City Profiles – Coachella

A new vibrancy is emerging in this small-town

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The opening of a Planet Fitness in Coachella has impacted the local economy.
Photos by Taylor Sherrill & Assocates

Mayor: Steven Hernandez
Mayor Pro tem: V. Manuel Perez
Council Members: Betty Sanchez, Emmanuel Martinez, Magdalena Zepeda
Year Incorporated: 1946  Population: 43,601  
Average Household Income: $93,091
Website: www.coachella.org

 

Coachella’s growing, youthful population and the absence of local health clubs were key factors in enticing Sameer Bhatia to open an 18,000-square-foot Planet Fitness health club franchise in the Gateway Center last December.

The response from local residents — several thousand of whom signed up during the first two months — surpassed even Bhatia’s high expectations.

In fact, the flood of Planet Fitness customers created spillover effects for other neighboring businesses, including Wells Fargo Bank, which opened thousands of new accounts to process Planet Fitness membership dues.

As a Planet Fitness franchise operator, however, Bhatia didn’t invest in Coachella blindly. He first had to obtain the approval of the Planet Fitness corporate office, which reviewed the same demographic and retail sales data that led Bhatia to choose Coachella as the site for his health club. Bhatia also knew something else about the eastern Coachella Valley city:

“Coachella is underserved from a retail and health club perspective,” he says.

It’s a fact the city readily concedes.

“Our local residents typically purchase many of the goods and services they need from stores in other cities because they don’t have the variety of retailers they need in Coachella,” says Mark Weber, Coachella’s economic development manager.

This “retail leakage” means that Coachella’s retail sales statistics do not reflect its residents’ true economic power because most of them are spending a significant amount of their money outside the city.

“Coachella’s economic potential is really a lot higher than most people think,” Weber says. “If Coachella residents were spending their money locally, the retail sales statistics would provide a more accurate picture of our residents’ spending power.”

Government statistics also tend to underestimate Coachella’s average household income — partly because Coachella has larger-than-average families and partly because many of the city’s residents are immigrants from Mexico who work in agriculture and other industries that pay them in cash. Many of Coachella’s immigrant residents do not have bank accounts, as evidenced by the thousands of Planet Fitness members who recently opened accounts at Wells Fargo.

“Coachella residents have a lot more disposable income than people give them credit for,” Weber says.
Bhatia confirms Weber’s observations, noting that a significant percentage of his members are people who previously had gym memberships in other cities.
Other national chains have reached similar conclusions about Coachella, including Sears, Family Dollar, Smart & Final, Warehouse Shoe Store, and Walmart, which all opened new stores in the city over the past few years.

“In reality, we are coming of age,” Weber says. “Retailers are taking notice, and those that are investing are being rewarded.” With more than 10,000 new homes and 1.5 million square feet of commercial/mixed use already entitled, the community is continuing to support retail expansion with its tremendous population growth.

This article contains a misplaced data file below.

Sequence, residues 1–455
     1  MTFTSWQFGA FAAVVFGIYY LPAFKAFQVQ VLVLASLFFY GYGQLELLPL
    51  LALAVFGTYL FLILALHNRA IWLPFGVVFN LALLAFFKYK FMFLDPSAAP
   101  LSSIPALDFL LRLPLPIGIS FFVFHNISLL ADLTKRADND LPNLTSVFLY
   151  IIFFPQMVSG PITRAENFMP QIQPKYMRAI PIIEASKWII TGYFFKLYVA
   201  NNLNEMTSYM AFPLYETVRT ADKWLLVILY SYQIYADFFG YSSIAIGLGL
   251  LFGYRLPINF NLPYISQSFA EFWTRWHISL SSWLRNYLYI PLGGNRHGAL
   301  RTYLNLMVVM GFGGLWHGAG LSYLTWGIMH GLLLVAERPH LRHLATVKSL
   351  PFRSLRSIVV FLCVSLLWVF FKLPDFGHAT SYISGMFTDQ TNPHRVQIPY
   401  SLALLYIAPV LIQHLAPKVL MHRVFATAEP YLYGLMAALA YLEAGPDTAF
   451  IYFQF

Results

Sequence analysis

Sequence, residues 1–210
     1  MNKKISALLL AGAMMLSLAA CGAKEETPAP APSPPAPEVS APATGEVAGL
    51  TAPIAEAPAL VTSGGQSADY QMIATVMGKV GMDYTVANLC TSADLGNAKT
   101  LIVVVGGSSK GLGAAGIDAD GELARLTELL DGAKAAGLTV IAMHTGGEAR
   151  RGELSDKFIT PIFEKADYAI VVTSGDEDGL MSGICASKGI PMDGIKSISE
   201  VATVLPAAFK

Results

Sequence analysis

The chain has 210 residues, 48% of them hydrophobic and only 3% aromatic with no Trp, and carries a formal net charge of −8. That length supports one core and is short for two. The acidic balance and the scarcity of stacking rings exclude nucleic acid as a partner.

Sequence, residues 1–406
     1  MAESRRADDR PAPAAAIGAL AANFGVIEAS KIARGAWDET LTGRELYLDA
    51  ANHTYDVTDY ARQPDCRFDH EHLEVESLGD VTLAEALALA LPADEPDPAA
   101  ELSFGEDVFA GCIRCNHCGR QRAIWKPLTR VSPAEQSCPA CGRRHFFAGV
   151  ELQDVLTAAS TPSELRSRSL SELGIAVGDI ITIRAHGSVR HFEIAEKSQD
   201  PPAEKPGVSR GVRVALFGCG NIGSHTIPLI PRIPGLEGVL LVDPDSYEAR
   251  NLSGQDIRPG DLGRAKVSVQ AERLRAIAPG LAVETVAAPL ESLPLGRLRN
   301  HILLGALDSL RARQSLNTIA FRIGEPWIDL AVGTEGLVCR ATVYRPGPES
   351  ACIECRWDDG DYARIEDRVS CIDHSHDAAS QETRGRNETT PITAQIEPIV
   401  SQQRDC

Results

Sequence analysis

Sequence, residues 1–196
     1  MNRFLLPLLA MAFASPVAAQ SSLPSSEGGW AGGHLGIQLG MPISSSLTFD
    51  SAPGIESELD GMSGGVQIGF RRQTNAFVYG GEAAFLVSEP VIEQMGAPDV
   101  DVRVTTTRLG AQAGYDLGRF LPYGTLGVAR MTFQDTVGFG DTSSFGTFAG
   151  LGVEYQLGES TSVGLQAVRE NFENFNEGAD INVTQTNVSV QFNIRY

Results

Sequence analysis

Coachella’s economy is also being strengthened by several multimillion-dollar renovations and expansions in the city’s agribusiness industry, which are providing more than 300 new jobs and providing additional job security for the city’s residents.

Those with new projects include Ocean Mist Farms, which is building a new 18,000-square-foot sorting area, a new 2,600-square-foot administration building, and a 1,222-square-foot addition to an existing cold storage facility on Enterprise Way.

Others with expansion projects include Double Date Packing LLC, has built a new 26,660-square-foot date packing and processing warehouse, a detached 6,000-square-foot freezer building, and is building a 6,145-foot dryer on 11 acres of vacant land.

Anthony Vineyards Inc. is building a 33,540-square-foot freezer addition and a 14,816-square-foot open canopy on the site of its existing facility on Enterprise Way.
Sea View Packing is planning to expand its operations with five new buildings totaling 51,900 square feet.

Meanwhile, the city of Coachella is embarking on $100 million worth of capital improvement projects using grant funding — including construction of a new bridge crossing the railroad tracks at Avenue 52 and Grapefruit Avenue, another bridge crossing the flood channel at Avenue 50 near the expressway, widening of Avenue 54, and a future new I-10 interchange.

Coachella is also investing in green infrastructure. Earlier this year, the city held a grand opening at the Corporate Yard for its new solar-powered carport, which provides enough electricity to cover all of the city’s power needs at that location. The carport has two electric vehicle charging stations that can charge up to four vehicles at a time.

Meanwhile, the quality of Coachella’s planning for sustainable growth has caught the attention of the Southern California Association of Governments, which presented the city with a Sustainability Award for its latest general plan update, which anticipates a tripling of Coachella’s population to 135,000 by 2035.

All of these efforts are taking place along with a downtown revitalization effort that includes a new Veterans Park and plans for a new high-tech library that will help train Coachella’s workforce of the future.

“There is a new feeling of vibrancy in every sector of our economy from agriculture to retail,” says Mayor Steven Hernandez, adding, “Our future is bright.”

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